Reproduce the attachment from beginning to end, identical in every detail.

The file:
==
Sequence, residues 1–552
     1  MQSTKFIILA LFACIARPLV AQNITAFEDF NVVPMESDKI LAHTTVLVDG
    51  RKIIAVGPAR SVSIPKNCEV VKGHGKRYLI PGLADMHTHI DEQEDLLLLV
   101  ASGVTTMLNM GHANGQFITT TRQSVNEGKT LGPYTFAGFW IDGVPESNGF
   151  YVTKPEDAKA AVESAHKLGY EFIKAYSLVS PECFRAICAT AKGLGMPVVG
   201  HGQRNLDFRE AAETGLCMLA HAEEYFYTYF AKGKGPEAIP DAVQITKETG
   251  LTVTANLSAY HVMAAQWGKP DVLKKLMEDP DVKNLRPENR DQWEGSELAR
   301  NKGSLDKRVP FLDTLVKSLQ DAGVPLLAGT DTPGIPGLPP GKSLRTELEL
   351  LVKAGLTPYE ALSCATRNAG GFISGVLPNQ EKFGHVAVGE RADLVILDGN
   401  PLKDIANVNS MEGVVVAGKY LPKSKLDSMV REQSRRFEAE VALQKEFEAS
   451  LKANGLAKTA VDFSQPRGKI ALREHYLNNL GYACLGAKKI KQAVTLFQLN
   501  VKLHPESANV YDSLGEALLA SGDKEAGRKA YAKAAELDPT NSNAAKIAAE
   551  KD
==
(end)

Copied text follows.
Sequence, residues 1–552
     1  MQSTKFIILA LFACIARPLV AQNITAFEDF NVVPMESDKI LAHTTVLVDG
    51  RKIIAVGPAR SVSIPKNCEV VKGHGKRYLI PGLADMHTHI DEQEDLLLLV
   101  ASGVTTMLNM GHANGQFITT TRQSVNEGKT LGPYTFAGFW IDGVPESNGF
   151  YVTKPEDAKA AVESAHKLGY EFIKAYSLVS PECFRAICAT AKGLGMPVVG
   201  HGQRNLDFRE AAETGLCMLA HAEEYFYTYF AKGKGPEAIP DAVQITKETG
   251  LTVTANLSAY HVMAAQWGKP DVLKKLMEDP DVKNLRPENR DQWEGSELAR
   301  NKGSLDKRVP FLDTLVKSLQ DAGVPLLAGT DTPGIPGLPP GKSLRTELEL
   351  LVKAGLTPYE ALSCATRNAG GFISGVLPNQ EKFGHVAVGE RADLVILDGN
   401  PLKDIANVNS MEGVVVAGKY LPKSKLDSMV REQSRRFEAE VALQKEFEAS
   451  LKANGLAKTA VDFSQPRGKI ALREHYLNNL GYACLGAKKI KQAVTLFQLN
   501  VKLHPESANV YDSLGEALLA SGDKEAGRKA YAKAAELDPT NSNAAKIAAE
   551  KD